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Let There Be Net

The Council of Torah Sages has banned the Internet.

In their decree, they say, among other things: “The Internet is a danger 1,000 times greater [than television — which they banned thirty years ago], and is liable to bring ruin and destruction upon all of Israel. ‘The Internet threat’ puts future generations of Israel in grave danger in a way that no other threat has since Israel became a nation.”

Zilbershlag  said: “Look through the garbage cans of Meah Shearim. You won’t find one mouse.”(He wasn’t talking about the kind that eats cheese).

The sad thing is, that the world really needs spiritual leaders, now more than ever.  The more we run headlong into a future whose parameters we cannot fathom, made up of technological marvels that give men the ability to overcome vast distances, physical barriers, even time zones, the more we need to understand how to continue to clothe ourselves in the familiar rituals and values that have blessed the lives of our ancestors with meaning.

So, when Torah sages marginalize themselves into irrelevance by issuing sadly ridiculous decrees that the community ignores (they might as well have  banned electricity) I find it heartbreaking.

How did this happen?

There is no doubt that many unsavory things have gotten onto the Internet: pornographic sites, cults, propaganda for evil organizations including skinheads and other violent racists. But to ban the Internet and basically call it the tool of the devil is like saying you can’t walk out of the house because you might pass by sex shops and movie houses showing X-rated films.

The Internet is a world. Everyone who enters it decides what part of that world they want to visit. Dozens of religious websites dot that world. You can find out what time to light candles when you travel to Sydney, Australia and where you can get kosher food in Hong Kong. You can read Torah commentaries by the hundreds, and get kashrut updates from the Rabbinical Council of America.

leadership of the haredi world into such a panic, I can only conclude that it is the following: The freedom that the Internet gives the individual to explore and understand the world. This freedom, which most of the Western world takes for granted, is an insidious threat as far as the haredi world is concerned, whose biggest fear seems to be that the individual might take off his blinders and look around him unfettered and make his or her own decisions.

The ban on the Internet is just another in a long list which includes: Don’t read books. Don’t listen to the radio. Don’t watch television. Don’t read newspapers. Don’t go to the movies. Learn only in carefully monitored programs and impose a very strict and unwavering code of silence concerning all unpleasant realities, including domestic abuse and other criminal activities.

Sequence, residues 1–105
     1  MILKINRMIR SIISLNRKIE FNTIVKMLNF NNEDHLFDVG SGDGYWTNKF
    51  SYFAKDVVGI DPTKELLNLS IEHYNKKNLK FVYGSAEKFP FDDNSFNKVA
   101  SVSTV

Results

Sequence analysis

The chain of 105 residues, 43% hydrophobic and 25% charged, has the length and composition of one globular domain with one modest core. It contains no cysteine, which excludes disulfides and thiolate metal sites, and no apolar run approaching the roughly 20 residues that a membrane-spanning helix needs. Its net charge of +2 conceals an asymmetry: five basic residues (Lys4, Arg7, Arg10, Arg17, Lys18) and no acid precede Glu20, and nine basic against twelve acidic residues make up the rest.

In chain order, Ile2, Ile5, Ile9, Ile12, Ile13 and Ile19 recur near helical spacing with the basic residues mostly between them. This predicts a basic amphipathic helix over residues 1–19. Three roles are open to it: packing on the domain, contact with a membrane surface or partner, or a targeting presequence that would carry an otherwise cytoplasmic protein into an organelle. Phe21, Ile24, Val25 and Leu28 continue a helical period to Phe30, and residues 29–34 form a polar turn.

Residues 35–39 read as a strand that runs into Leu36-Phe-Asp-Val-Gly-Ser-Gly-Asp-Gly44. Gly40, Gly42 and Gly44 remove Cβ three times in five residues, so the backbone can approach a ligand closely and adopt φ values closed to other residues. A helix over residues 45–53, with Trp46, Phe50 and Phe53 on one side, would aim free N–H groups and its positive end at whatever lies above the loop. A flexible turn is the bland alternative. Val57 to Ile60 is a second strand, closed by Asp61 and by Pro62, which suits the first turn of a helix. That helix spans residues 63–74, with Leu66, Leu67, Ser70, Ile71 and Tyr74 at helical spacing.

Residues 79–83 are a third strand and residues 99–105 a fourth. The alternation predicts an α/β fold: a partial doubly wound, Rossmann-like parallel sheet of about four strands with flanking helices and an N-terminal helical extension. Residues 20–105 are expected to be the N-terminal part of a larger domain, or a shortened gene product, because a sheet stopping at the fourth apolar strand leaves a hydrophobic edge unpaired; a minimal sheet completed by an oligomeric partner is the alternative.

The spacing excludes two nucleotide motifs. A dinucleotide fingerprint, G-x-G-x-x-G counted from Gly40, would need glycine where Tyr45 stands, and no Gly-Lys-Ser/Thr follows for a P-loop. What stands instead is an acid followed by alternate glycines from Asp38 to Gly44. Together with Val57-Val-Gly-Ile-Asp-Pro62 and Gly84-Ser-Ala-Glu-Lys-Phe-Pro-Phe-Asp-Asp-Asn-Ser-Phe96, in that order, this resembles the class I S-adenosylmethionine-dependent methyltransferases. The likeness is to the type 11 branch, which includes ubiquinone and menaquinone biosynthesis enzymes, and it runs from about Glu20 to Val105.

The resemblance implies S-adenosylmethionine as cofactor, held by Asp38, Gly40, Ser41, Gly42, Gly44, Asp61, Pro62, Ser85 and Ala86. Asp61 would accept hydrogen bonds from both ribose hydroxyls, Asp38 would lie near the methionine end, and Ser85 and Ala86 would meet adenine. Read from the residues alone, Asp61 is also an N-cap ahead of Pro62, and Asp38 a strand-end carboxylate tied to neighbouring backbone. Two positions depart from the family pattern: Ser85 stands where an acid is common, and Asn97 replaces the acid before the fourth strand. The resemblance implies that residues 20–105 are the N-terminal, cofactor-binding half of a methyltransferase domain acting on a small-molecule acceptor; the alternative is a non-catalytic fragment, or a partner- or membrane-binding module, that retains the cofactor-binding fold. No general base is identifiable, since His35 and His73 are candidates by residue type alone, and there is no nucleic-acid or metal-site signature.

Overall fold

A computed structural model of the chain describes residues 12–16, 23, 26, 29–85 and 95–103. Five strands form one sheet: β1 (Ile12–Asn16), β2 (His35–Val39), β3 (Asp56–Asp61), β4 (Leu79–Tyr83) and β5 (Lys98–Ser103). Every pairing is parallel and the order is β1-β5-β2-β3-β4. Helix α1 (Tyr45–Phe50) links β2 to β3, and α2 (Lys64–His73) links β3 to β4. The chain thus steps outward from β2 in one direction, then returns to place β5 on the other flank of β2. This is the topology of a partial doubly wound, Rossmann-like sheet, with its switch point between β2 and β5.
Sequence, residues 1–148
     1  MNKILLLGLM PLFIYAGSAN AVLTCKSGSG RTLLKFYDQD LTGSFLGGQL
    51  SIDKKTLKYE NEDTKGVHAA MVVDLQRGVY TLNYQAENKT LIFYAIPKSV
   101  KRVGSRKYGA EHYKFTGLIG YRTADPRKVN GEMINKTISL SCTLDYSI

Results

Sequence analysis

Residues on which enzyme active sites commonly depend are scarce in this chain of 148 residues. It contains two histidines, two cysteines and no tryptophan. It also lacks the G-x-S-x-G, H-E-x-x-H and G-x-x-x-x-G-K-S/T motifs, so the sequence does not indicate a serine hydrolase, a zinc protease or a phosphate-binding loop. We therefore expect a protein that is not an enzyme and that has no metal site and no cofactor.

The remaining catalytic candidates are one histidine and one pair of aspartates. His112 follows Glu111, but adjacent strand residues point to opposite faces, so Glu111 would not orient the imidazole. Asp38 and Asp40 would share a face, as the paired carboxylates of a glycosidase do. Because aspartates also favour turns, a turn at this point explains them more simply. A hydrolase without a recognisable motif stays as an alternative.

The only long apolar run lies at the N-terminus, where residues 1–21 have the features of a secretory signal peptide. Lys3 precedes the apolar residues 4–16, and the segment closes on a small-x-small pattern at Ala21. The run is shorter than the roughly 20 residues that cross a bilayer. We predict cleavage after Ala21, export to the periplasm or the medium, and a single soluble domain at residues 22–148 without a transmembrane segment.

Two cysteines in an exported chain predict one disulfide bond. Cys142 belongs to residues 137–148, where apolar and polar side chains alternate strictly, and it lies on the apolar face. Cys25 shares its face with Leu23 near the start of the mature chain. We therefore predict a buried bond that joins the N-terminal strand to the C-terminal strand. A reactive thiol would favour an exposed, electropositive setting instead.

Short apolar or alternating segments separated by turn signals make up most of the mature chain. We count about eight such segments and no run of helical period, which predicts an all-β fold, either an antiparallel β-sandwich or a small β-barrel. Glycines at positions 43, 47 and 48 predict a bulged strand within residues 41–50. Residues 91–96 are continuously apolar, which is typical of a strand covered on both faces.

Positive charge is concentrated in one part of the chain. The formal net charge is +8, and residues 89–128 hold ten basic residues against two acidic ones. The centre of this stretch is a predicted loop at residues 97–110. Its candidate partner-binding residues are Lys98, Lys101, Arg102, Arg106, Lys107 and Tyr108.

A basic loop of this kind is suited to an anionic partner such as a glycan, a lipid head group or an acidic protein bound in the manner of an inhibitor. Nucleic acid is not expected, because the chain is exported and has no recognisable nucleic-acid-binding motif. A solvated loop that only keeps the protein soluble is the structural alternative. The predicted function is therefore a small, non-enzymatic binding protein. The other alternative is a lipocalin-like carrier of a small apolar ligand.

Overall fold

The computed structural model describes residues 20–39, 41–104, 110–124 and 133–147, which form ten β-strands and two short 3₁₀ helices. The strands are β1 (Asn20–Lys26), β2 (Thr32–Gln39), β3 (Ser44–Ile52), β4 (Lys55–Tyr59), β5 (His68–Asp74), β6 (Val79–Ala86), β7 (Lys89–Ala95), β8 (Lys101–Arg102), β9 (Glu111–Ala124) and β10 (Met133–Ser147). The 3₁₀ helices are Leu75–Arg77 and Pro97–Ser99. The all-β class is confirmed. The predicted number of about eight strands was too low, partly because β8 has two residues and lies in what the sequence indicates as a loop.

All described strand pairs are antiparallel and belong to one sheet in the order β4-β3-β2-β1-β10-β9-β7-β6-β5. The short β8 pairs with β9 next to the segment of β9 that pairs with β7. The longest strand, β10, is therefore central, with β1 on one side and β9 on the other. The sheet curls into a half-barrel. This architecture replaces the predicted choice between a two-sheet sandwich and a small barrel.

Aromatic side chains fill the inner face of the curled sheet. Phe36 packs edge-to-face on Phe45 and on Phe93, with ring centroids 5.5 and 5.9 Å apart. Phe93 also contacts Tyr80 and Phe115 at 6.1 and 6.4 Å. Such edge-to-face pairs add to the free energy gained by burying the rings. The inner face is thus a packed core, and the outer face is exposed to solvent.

Dear Honorable Rabbis, I beg you to reconsider. Teach our children to be good and decent human beings, but not with educational systems based on fear, and a methodology that attempts to seal their minds off hermetically from all outside influences. Because if you try to keep that up, the battle is already lost. The world will always filter through in a thousand tiny cracks.

Instead of banning the Internet, ask instead what failure in transmitting values makes the Internet a threat. Ask why a yeshiva student or a Beit Yaakov girl would want to visit a pornographic Internet site. Ask the heads of the yeshivot and girls schools how it is that secular children all over the world thirsting for knowledge are using the Internet as a tool to learn the wonders of nature, language skills, the beauty of art and music, and why it is that a haredi child will be poisoned from drinking out of the same well?

Consider, please, whether the problem is the Internet or simply the failure of the haredi educational system to teach children how to navigate possibilities and choose wisely. This failure was not so terrible in the days when it was possible for a father to cover a child’s face in a prayer shawl and carry him up and back from heder. In the modern world, it’s a catastrophe.

Consider, too, what are the true choices. Like electricity, the Internet has changed the world. It isn’t going away. This is a fact. Would it not be better to let our children gain mastery over this powerful tool of worldwide communication?

Besides, isn’t setting up a Website on the Internet the equivalent of Abraham standing at the door to his tent eagerly inviting the world in?

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